Life In Ghettos

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Ghettos are a section of a city in which Jews lived it has come to mean a section of a city where the poor must live. The first place ghettos were built in were Spain and Portugal by the end of the 14th cent. (“Ghetto”) The ghetto was typically walled with gates that were closed at a certain hour each night, and all the Jews had to be inside the gate at that hour or suffer the price. To live in the Ghettos were hard and some of the problems that the Jews had to deal with were children labor, diseases, resistance efforts, different types of ghettos.

The reason generally given for ghettos was that the faith of Christians would be weakened by the presence of Jews. The idea of Jewish segregation dates from the Lateran Councils of 1179 and 1215
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Some had beloved dolls or trucks they brought into the ghettos to avoid being caught” (“Life in the Ghettos”). Although suffering and death were all around the children they did not care about the environment around them: “Children also made toys, using whatever bits of cloth and wood they could find. In the Lodz ghetto, children turned the tops of empty cigarette boxes into playing cards.” (“Life in the Ghettos”) Disease in the Ghettos
A great deal of the deaths in the ghettos was cause by the effects of starvation and war. There were also actions of poisonings and bacterial warfare that were experimented with in some ghettos by the Nazis (“Leah Preiss”). One such example is in a Jewish ghetto outside of Kaunas were an entire town had their water system poisoned (“Warsaw Ghetto”). Typhus is a common disease in the camps and the ghettos camps was seen as a way of exterminating large numbers of Jews. German police will carry out roundups in the ghetto. Hundreds of Jews, children, the elderly, and the sick, are killed on the spot during the roundups. By September 1942, over 70,000 Jews and about 5,000 Roma will have been deported to Chelmno, where they are killed in mobile gas vans (trucks with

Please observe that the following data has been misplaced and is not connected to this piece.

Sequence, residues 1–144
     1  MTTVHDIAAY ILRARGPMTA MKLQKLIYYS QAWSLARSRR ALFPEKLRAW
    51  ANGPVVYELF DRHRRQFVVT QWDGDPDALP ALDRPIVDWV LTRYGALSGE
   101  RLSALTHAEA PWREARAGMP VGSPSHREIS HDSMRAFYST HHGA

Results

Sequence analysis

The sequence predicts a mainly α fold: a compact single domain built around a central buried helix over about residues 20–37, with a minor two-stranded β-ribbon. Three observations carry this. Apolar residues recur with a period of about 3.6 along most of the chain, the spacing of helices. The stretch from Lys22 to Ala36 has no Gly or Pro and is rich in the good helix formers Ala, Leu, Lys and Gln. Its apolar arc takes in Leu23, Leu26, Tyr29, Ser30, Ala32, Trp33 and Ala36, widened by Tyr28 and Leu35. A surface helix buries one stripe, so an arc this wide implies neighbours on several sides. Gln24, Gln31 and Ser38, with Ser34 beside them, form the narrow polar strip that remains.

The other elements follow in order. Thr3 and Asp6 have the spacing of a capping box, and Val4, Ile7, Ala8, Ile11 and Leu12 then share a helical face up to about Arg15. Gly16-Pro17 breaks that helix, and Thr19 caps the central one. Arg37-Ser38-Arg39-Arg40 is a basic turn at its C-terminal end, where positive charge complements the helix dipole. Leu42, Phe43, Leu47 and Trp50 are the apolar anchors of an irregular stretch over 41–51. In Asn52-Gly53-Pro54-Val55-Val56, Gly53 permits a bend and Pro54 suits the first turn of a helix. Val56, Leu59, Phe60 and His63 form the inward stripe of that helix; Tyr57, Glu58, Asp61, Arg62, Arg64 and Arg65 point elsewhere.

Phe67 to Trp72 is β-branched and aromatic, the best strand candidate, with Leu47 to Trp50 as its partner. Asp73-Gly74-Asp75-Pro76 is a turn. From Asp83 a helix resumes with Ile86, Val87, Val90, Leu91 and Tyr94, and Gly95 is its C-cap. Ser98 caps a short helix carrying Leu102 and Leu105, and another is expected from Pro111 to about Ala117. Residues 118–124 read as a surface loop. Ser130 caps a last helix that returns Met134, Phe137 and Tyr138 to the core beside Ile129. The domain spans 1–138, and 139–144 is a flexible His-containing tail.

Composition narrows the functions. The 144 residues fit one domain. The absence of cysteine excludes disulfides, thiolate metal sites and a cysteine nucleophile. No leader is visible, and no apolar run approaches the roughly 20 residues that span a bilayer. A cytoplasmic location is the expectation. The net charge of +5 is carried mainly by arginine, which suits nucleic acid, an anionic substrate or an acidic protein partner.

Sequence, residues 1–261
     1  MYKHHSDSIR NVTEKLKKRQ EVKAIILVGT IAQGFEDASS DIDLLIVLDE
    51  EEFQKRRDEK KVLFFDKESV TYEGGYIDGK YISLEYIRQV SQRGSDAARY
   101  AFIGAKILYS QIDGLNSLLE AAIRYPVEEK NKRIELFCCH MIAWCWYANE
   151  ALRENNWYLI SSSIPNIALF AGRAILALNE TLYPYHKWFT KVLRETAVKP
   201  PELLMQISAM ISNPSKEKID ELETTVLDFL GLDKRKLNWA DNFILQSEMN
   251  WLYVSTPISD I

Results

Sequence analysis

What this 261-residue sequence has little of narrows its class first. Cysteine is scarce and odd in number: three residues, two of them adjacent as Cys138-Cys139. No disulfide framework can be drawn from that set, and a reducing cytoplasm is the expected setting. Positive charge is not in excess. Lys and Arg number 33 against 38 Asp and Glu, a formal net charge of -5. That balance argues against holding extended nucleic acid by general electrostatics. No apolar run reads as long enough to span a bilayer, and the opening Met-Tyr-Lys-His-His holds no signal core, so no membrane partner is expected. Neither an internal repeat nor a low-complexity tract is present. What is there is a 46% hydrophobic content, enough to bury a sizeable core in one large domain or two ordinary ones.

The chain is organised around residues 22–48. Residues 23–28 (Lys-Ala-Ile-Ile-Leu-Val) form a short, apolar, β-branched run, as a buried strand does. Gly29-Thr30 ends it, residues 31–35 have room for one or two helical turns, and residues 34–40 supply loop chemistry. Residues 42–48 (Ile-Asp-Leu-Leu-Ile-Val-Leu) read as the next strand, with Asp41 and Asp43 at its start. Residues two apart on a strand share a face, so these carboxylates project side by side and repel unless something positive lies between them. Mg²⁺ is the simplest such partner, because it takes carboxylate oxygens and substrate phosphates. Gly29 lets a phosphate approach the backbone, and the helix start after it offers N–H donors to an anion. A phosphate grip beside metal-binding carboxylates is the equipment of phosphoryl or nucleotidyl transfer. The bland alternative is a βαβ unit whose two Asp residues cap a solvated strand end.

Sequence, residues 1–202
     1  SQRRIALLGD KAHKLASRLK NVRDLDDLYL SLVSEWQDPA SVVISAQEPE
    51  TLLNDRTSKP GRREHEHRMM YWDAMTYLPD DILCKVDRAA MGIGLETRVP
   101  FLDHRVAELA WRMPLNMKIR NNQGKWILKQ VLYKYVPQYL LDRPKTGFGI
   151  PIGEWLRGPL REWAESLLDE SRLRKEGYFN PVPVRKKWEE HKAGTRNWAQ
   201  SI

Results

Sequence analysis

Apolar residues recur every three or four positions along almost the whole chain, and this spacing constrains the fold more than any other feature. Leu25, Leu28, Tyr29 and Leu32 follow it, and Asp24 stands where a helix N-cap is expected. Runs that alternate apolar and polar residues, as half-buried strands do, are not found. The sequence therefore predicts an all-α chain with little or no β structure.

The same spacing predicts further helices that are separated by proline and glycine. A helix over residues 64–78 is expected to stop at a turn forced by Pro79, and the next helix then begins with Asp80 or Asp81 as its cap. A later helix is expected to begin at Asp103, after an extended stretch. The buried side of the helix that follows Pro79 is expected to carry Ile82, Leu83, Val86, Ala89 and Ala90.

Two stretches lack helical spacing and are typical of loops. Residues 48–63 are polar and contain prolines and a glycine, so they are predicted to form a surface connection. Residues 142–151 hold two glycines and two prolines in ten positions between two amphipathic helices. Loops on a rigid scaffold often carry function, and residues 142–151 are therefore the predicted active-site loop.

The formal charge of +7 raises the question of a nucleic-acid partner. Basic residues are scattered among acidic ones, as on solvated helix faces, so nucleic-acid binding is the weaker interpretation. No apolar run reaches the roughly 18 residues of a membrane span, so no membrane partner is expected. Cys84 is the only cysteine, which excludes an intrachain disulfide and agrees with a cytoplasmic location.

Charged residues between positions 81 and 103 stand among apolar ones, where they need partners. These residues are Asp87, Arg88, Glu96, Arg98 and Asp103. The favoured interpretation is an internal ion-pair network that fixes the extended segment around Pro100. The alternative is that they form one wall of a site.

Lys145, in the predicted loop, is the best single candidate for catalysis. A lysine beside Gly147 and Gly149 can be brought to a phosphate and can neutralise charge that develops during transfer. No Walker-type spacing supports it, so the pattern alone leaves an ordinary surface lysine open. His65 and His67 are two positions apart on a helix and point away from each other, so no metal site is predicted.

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The Warsaw Ghetto was the largest and was the Uprising when the Jews fought back against the Nazis and nearly won their battle. Ghetto residents had to wear arm bands or badges that identified them as Jewish or for whatever other reason they were being held captive (“Types of Ghettos”). They were forced to live in squalor limited to food supplies, and forced to follow strict rules based on the type of ghetto that they were in. During World War II, the Nazis established more than 400 ghettos in order to isolate Jews from the non-Jewish population and from neighboring Jewish communities. The Germans regarded the establishment of ghettos as a provisional measure to control and segregate Jews. The assumption behind this separation was to stop the Jews, viewed by the Nazis as an inferior race, from mixing with and thus degrading the superior Aryan race.
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